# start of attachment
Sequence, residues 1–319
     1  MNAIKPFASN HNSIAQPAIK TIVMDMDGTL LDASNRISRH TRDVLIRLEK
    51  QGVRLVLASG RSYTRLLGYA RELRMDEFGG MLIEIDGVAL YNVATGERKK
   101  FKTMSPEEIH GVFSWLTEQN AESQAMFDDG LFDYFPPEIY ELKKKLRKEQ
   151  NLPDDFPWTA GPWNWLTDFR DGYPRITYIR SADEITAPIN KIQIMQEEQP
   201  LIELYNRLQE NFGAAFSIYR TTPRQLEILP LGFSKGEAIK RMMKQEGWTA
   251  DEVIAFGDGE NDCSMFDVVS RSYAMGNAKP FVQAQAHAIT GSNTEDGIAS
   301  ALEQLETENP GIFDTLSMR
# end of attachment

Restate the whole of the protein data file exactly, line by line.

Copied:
Sequence, residues 1–319
     1  MNAIKPFASN HNSIAQPAIK TIVMDMDGTL LDASNRISRH TRDVLIRLEK
    51  QGVRLVLASG RSYTRLLGYA RELRMDEFGG MLIEIDGVAL YNVATGERKK
   101  FKTMSPEEIH GVFSWLTEQN AESQAMFDDG LFDYFPPEIY ELKKKLRKEQ
   151  NLPDDFPWTA GPWNWLTDFR DGYPRITYIR SADEITAPIN KIQIMQEEQP
   201  LIELYNRLQE NFGAAFSIYR TTPRQLEILP LGFSKGEAIK RMMKQEGWTA
   251  DEVIAFGDGE NDCSMFDVVS RSYAMGNAKP FVQAQAHAIT GSNTEDGIAS
   301  ALEQLETENP GIFDTLSMR